The government has been urged to consider allowing the hunting of Formosan sika deer in Kenting National Park, because the project to reintroduce the deer to the area has proven so successful that they are beginning to cause damage to the park’s ecology and nearby agriculture.
There are nearly 2,000 Formosan sika deer living in Pingtung County’s Hengchun Peninsula (恆春半島), but some have made their way into the Nanjenshan Ecological Protection Area (南仁山) and pose a risk to the protected plants in the area.
A report titled Kenting National Park Agricultural Risk Management Plan, focusing on the control of the Formosan sika deer population, was presented at Kenting National Park headquarters on Wednesday in the hope of reaching a balance between the deer, the environment and humans.
Photo: Tsai Tsung-hsien, Taipei Times
National Dong Hwa University environmental science professor Kurtis Pei (裴家騏), who helped draft the plan, said the idea of allowing hunting to control the deer population was brought up by some academics during the meeting.
Many nations, including Japan, the US and Australia, have used hunting to prevent overpopulation of animals, Pei said, adding that Taiwan still has plenty of restrictions in terms of laws and has a negative view of hunting.
However, changes would have to be made to the Indigenous Peoples Basic Act (原住民族基本法), the Wildlife Conservation Act (野生動物保育法) and the National Park Act (國家公園法) before hunting could be considered an option, Pei said.
While the Wildlife Conservation Act stipulates that “when protected wildlife causes damage to crops, poultry, livestock or aquaculture... [they] may be hunted or killed using humane methods approved by the authorities to prevent the above-mentioned damage,” the National Park Act bans hunting altogether.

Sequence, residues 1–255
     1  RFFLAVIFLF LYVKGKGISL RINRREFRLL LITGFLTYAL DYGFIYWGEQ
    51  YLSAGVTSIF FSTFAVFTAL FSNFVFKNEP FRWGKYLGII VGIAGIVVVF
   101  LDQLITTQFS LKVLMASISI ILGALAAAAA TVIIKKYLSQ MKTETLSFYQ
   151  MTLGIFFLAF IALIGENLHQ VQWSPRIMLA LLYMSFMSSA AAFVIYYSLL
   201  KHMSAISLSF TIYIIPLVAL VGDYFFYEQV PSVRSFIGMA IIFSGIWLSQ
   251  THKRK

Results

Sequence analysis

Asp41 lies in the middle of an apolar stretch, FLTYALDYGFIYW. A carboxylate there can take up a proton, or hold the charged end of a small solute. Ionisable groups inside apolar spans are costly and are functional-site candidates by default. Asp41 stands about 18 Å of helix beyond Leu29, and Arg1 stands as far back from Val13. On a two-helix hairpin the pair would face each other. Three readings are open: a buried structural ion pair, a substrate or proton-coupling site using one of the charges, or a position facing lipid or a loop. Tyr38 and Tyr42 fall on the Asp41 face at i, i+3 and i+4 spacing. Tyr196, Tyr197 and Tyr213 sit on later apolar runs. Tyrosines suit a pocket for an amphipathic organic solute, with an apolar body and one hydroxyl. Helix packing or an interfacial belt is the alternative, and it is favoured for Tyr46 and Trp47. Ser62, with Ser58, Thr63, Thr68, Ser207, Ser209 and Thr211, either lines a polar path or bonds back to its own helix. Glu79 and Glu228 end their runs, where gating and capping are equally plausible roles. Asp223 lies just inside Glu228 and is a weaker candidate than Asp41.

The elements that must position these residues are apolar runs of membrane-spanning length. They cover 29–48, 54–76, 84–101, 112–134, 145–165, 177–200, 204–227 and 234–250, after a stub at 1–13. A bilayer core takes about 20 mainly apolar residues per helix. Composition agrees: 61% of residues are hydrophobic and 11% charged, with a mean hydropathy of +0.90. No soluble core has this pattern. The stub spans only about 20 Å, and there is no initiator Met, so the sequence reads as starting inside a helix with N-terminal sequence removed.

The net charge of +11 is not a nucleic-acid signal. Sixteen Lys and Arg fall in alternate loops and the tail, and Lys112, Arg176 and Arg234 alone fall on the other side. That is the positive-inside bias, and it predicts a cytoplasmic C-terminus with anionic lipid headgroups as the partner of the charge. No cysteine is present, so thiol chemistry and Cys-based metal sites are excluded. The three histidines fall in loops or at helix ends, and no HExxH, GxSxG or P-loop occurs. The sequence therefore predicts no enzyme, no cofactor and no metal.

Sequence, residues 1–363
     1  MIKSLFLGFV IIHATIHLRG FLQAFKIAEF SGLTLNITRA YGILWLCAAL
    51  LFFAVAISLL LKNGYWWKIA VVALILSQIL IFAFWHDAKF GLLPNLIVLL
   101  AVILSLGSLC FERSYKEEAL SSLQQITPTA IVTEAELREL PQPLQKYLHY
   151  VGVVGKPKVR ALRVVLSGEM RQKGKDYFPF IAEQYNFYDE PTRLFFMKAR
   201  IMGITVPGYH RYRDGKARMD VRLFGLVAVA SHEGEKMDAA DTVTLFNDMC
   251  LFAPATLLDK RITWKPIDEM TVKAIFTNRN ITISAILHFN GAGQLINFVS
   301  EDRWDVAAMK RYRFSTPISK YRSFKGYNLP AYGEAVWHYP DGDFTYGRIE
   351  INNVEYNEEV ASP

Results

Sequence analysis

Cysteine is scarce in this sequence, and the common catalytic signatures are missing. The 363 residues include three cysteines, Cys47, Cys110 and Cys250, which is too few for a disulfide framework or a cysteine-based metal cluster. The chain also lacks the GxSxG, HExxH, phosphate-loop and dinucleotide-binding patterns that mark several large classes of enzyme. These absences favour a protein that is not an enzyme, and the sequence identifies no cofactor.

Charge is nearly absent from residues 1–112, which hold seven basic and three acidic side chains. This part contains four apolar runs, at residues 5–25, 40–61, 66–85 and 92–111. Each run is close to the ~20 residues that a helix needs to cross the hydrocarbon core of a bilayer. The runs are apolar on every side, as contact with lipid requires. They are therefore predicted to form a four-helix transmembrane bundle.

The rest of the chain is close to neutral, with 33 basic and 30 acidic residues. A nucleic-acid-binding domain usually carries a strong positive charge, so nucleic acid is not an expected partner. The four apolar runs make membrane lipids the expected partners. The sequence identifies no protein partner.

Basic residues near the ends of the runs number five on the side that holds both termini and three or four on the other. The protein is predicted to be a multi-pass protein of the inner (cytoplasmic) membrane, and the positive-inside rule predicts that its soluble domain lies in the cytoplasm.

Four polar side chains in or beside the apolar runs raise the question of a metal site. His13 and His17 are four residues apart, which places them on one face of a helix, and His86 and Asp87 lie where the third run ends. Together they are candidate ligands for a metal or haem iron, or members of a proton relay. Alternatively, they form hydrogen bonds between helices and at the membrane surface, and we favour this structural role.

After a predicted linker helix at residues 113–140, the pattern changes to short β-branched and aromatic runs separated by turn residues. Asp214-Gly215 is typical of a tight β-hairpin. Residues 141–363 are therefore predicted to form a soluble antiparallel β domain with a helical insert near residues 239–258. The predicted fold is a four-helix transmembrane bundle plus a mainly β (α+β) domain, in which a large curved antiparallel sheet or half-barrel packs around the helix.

“The government could consider amending the law to allow the use of traps to hunt Formosan sika deer in winter and prevent agricultural production from being damaged in spring and summer,” Pei said.
Kenting National Park director Liu Pei-tung (劉培東) said birth control, including short-acting contraceptives that cost less than neutering, is the direction that the park is leaning toward.
Liu said the park is testing dosages with captive Formosan sika deer and hopes to apply the method to wild animals soon.
The park said Formosan sika deer have no natural enemies other than humans and can eat up to 151 kinds of plant, which has become a burden to the forest’s ecology.
Farms in Pingtung County’s Manzhou Towship (滿州) close to the wildlife area have had their crops — including dragon fruit, black peas, wax apples and various vegetables — spoiled by wild deer, with the only countermeasure available being the building of fences, possibly electric, the park said.
Formosan sika deer once roamed widely along the nation’s plains and in low mountain areas until about 200 to 300 years ago, when they became an important export product and were almost hunted to extinction.
In 1974, Formosan sika deer were listed by the International Union for Conservation of Nature and Natural Resources as critically endangered. The government initiated the Formosan Sika Deer Restoration Program in Kenting in 1984.
Ten Formosan sika deer from Taipei Zoo were released into the wild in the Shirding (社頂) area of the park in 1994 and releases continued until 2009. During that period, a total of 233 deer were released into the wild and, after years of reproduction, there are now about 2,000 deer on the peninsula, of which about 1,000 inhabit the Shirding, Longzaipu (籠仔埔) and Shuiwaku (水蛙窟) areas.
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